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Added January 31st, 2010 by David Glisan

Superbowl Betting Props:  TV Ratings

We’ll start our review of the Superbowl betting props with one that isn’t really tied to the outcome of the game itself.  With sportsbooks looking for more unique props to offer their clients, it was inevitable that lines would be posted on the TV ratings for the Superbowl.  Bodog has a line on the Over/Under for the final Neilsen ratings for the game that looks to be a good betting value.

I strongly suggest betting these props quickly as the lines will likely move after we post this information.  You want to make sure you’re getting the best price.  As so often happens in sports betting the early bird gets the worm..er…the best price.

There’s a tendency for casual players to bet prop bets a certain way.  The recreational player would rather bet that something “will” happen than something “won’t” happen.  The psychological motivation for this is readily apparent–its a lot more entertaining to root for something to occur than something to *not* occur.  Even though this bet won’t be ‘official’ until the ratings numbers are released (typically the day after the game) the same dynamic can be seen here:

Over 42.9 Neilsen Rating:  -135
Under 42.9 Neilsen Rating:  +105

We talked about TV ratings in our post on The Superbowl as a Cultural Phenomenon.   It’s common knowledge even among the squarest square in the general public that the Superbowl gets huge TV ratings and is always one of the top rated programs of the year.  For that reason, the kneejerk tendency may be to play this ‘Over’.  Media reports that last year’s Superbowl had more viewers than any in history could also contribute to ‘Over’ betting.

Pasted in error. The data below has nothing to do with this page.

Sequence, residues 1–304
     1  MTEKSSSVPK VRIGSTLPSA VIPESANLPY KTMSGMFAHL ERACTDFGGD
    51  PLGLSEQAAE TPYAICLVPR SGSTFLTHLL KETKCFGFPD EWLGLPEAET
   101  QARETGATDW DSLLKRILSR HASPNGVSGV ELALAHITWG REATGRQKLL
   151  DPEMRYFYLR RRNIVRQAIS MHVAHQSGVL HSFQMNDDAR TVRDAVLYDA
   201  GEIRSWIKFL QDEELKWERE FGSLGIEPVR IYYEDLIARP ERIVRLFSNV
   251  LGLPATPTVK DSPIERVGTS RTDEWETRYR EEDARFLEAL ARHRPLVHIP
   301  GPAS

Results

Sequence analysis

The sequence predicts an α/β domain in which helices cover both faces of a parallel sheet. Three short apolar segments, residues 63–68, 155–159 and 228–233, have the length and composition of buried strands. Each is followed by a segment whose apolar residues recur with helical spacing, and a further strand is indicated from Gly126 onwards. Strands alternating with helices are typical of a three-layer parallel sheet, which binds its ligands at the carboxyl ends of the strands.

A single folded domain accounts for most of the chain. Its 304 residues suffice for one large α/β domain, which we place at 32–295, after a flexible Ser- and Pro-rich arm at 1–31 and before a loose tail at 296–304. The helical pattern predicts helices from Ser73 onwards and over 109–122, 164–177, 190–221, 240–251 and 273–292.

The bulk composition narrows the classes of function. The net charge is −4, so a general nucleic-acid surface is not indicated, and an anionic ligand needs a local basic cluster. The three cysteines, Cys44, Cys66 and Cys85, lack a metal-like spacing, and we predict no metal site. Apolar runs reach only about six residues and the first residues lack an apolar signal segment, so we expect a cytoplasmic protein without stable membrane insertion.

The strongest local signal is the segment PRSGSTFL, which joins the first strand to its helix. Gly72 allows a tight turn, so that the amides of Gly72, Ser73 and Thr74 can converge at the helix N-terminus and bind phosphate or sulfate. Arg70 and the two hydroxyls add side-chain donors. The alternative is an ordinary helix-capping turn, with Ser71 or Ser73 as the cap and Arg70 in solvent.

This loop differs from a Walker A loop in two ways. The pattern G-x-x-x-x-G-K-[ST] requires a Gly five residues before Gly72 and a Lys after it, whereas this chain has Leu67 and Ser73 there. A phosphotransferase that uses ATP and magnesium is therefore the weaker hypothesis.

While Superbowl 43 between the Steelers and Cardinals did have more total viewers than any previous game, it didn’t have a higher Neilsen rating.  There’s a big difference here–the Neilsen rating we’re talking about measures the percentage of all television sets in use tuned in to the Superbowl.   Clever readers can already see where this is going:  there’s more TV sets in use than at any point in history, and there’s a greater variety of programming options available for viewers.  During the 1970’s your options for Superbowl night were to watch the game, watch Barnaby Jones reruns, or turn off the TV.  That’s obviously no longer the case, and as cable and satellite TV have grown in influence the average TV rating has declined.  During the 1980’s most Superbowls did at least a 45 Neilsen rating.   That number hasn’t been touched since 1996 which featured a very attractive Dallas vs. Pittsburgh matchup.

You can check out the full Superbowl Neilsen rating data here:

Superbowl Neilsen Rating History

The 42.9 number in the prop bet has been reached only twice in the past 10 years.  So without any huge TV markets like New York or Chicago to drive viewership, we’ll play this one Under.  This line will definitely move so go bet it at Bodog now!

PLAY SUPERBOWL NEILSEN TV RATINGS UNDER 42.9 +105

 
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